Pup found 5 weeks after falling overboard

SAN DIEGO — It sounds like a pitch for a far-fetched movie: “Cast Away,” but with a dog instead of Tom Hanks. Only this sea tale is true.

A California fisherman’s beloved German shepherd fell overboard and was presumed drowned. More than a month later, she was found.

The 1½-year-old dog named Luna was spotted this week on San Clemente Island, a Navy-owned training base 70 miles off San Diego.

The blue-eyed pup disappeared Feb. 10 as Nick Haworth, a commercial fisherman from San Diego, worked on a boat 2 miles from the island.

“They were pulling in their traps, and one minute Luna was there, and the next minute she was gone,” said Sandy DeMunnik, spokeswoman for Naval Base Coronado. “They looked everywhere for her. They couldn’t see her. The water was dark, and she’s dark.”

Haworth notified Navy personnel.

“He insisted that he was 90 percent sure that she made it to shore because she was such a strong swimmer,” DeMunnik said.

Haworth searched the waters for about two days and Navy staff searched the island for about a week but found no sign of Luna.

She was presumed lost at sea. Until Tuesday, that is, when staff arriving for work at the island’s Naval Auxiliary Landing Field spotted something unusual — a dog sitting by the side of the road. Domestic animals aren’t allowed on the island for environmental reasons.

It was Luna.

“She was just sitting there wagging her tail,” DeMunnik said. The staff called to Luna, and she came right over.

A biologist then examined the dog and found her a little thin but otherwise healthy.

“It looks like she was surviving on rodents and dead fish that had washed up,” DeMunnik said.

Officials called Haworth, who was out of state, working in the middle of a lake.

“He was overwhelmed. He was so happy and grateful and thrilled,” DeMunnik said.

Luna was flown to a Navy base on the mainland Wednesday and handed over to Haworth’s best friend, who will care for the dog until Haworth returns Thursday night.

Luna, meanwhile, has a souvenir of the experience. Her dog tag was lost but the Navy gave her a new one, DeMunnik said.

Along with her name, it bears a key lesson in the Survival, Evasion, Resistance and Escape course taught on the island to Navy and Marine personnel. The tag reads: “Keep the Faith.”

More in News

Jasmine Chavez, a crew member aboard the Quantum of the Seas cruise ship, waves to her family during a cell phone conversation after disembarking from the ship at Marine Park on May 10. (Mark Sabbatini / Juneau Empire file photo)
Ships in port for the week of June 15

Here’s what to expect this week.

(Michael Penn / Juneau Empire file photo)
Police calls for Thursday, June 13, 2024

This report contains public information from law enforcement and public safety agencies.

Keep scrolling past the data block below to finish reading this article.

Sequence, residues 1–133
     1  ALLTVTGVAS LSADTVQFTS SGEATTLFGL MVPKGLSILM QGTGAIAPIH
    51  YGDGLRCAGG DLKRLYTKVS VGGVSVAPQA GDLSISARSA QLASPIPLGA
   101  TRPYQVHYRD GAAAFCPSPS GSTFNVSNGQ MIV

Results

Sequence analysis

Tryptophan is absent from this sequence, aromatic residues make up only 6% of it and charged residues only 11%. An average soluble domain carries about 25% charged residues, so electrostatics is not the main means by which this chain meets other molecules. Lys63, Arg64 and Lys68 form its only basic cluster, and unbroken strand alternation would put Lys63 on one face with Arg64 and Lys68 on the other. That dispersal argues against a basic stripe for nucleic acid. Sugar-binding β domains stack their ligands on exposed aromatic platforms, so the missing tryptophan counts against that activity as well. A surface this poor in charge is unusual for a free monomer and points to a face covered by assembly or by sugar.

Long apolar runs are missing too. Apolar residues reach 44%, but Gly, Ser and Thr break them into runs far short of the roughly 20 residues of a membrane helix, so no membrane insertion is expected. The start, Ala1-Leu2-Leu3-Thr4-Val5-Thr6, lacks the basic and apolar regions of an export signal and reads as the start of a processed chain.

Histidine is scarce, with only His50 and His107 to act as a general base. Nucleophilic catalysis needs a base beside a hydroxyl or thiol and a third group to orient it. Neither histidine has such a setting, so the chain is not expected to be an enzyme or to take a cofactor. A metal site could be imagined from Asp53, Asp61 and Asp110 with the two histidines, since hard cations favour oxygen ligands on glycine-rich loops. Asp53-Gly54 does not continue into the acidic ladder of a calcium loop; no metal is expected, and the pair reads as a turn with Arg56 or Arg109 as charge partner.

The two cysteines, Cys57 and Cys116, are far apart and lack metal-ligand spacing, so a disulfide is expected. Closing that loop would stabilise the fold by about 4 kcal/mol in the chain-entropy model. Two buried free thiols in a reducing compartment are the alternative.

Bill Thomas, a former Republican state representative from Haines, announced Friday he is dropping out of the race for the District 3 House seat this fall. (U.S. Sustainability Alliance photo)
Bill Thomas drops out of District 3 House race, says there isn’t time for fishing and campaigning

Haines Republican cites rough start to commercial season; incumbent Andi Story now unopposed.

U.S. Rep. Mary Peltola, D-Alaska, speaks at the Alaska Democratic Party’s state convention on May 18 at Elizabeth Peratrovich Hall. (Mark Sabbatini / Juneau Empire file photo)
Peltola among few Democrats to vote for annual defense bill loaded with GOP ‘culture war’ amendments

Alaska congresswoman expresses confidence “poison pills” will be removed from final legislation.

A celebratory sign stands outside Goldbelt Inc.’s new building during the Alaska Native Regional Corporation’s 50th-anniversary celebration on Jan. 4. (Mark Sabbatini / Juneau Empire file photo)
Medical company sues Goldbelt for at least $30M in contract dispute involving COVID-19 vaccine needles

Company says it was stuck with massive stock of useless needles due to improper specs from Goldbelt.

(Michael Penn / Juneau Empire file photo)
Police calls for Wednesday, June 12, 2024

This report contains public information from law enforcement and public safety agencies.

A yearling black bear waits for its mother to return. Most likely she won’t. This time of year juvenile bears are separated, sometimes forcibly, by their mothers as families break up during mating season. (Photo courtesy K. McGuire)
Bearing witness: Young bears get the boot from mom

With mating season for adults underway, juveniles seek out easy food sources in neighborhoods.

A chart shows COVID-19 pathogen levels at the Mendenhall wastewater treatment plant during the past three months. (Data from the U.S. Centers for Disease Control and Prevention’s National Wastewater Surveillance System)
Juneau seeing another increase in COVID-19 cases, but a scarcity of self-test kits

SEARHC, Juneau Drug have limited kits; other locations expect more by Saturday.

Gov. Mike Dunleavy speaks to reporters during a news conference Feb. 7. (James Brooks/Alaska Beacon)
Gov. Dunleavy picks second ex-talk radio host for lucrative fish job after first rejected

Rick Green will serve at least through Legislature’s next confirmation votes in the spring of 2025.

Most Read